Watch neural networks see only what they've been trained to see

Memo Akten created Gloomy Sunday, part of his Learning To See series in which he juxtaposes mundane video with how deep-trained neural networks percieve the same input. Read the rest

Cool visual processing experiment with particles

Justin Lincoln creates lots of interesting little tidbits of visual ideas, like this particle capture experiment that is kind of unsettling. Read the rest

Programmer/artist creates algorithmic portraits composed of a single line

LinesLab is "an experimental design studio established by Sergej Stoppel that explores algorithmic art and robotics." Among his cool works are these single-line portraits. Read the rest

Photochrome: keyword-generated impressionistic color palettes

Photochrome is a nifty algorithm that generates a color palette based on a keyword you enter. It compiles all images in their database tagged with your keyword and averages the results into RGB and hex values. Read the rest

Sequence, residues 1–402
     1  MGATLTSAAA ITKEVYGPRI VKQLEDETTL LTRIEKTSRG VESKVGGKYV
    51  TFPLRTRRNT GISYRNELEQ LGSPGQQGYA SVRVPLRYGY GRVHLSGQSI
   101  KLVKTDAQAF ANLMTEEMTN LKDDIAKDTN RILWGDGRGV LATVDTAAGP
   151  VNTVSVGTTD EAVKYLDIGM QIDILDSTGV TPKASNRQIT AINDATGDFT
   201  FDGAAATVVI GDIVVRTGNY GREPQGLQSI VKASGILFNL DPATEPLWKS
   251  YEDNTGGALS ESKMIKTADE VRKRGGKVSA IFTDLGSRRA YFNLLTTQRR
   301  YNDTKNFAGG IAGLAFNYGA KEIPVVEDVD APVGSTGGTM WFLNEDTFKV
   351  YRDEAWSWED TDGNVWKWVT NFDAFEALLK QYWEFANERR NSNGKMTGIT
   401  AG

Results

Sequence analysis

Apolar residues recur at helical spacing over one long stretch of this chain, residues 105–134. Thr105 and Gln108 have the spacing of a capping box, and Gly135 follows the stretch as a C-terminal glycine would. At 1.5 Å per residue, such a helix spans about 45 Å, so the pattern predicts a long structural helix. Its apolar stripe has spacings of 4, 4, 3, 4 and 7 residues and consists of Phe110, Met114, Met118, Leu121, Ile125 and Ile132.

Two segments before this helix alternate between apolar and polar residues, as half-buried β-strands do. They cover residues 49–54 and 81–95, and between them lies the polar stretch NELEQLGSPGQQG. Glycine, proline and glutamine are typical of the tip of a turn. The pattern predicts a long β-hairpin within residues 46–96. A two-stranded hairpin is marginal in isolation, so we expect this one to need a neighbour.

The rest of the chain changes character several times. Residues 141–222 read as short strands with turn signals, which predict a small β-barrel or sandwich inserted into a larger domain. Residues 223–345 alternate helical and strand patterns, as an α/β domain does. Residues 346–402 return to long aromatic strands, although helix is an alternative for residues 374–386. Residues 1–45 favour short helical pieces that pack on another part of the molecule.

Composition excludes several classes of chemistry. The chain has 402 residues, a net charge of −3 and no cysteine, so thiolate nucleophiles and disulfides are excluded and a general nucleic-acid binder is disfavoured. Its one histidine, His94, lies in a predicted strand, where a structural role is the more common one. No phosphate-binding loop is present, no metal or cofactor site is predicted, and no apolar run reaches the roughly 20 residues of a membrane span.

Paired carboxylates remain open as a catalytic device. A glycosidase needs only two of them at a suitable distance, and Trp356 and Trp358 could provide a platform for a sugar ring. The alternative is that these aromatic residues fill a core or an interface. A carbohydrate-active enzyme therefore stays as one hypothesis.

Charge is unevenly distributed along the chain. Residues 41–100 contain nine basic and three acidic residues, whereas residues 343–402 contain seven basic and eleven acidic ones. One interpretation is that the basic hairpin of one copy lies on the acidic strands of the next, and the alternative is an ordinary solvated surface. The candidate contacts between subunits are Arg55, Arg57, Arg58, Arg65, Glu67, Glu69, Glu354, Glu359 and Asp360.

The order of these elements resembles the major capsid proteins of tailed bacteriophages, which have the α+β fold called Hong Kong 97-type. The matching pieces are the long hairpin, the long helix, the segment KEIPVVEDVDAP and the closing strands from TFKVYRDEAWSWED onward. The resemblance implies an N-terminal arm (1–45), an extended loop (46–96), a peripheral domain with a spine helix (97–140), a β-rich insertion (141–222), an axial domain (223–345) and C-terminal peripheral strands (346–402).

WATCH: More DeepDream obsessions

Since Cory posted about the Deep Dream image recognition algorithm last month (and Rob earlier today) it's inspired an explosion of iterations like Roelof Pieters' DeepDreamed Fear & Loathing in Las Vegas. Read the rest

Computer-generated music has a soul

John Brownlee explores computer-generated music that passes the spiritual Turing test of evoking complex human emotion.

[Imagine] your favorite author says any novel could be written this way. "I could tell my program to analyze the works of Vladimir Nabokov for style, Dan Brown for plot, use the complete cast of Scooby-Doo for characters, and the themes of James Joyce’s Ulysses, and my algorithm could generate a thousand different unique novels in just a few days!" he explains. "All you need to do is know how to tell my algorithm what all those things mean."

Novels, of course, are not written this way, at least not yet. If they were, you’d likely feel betrayed. But music is.

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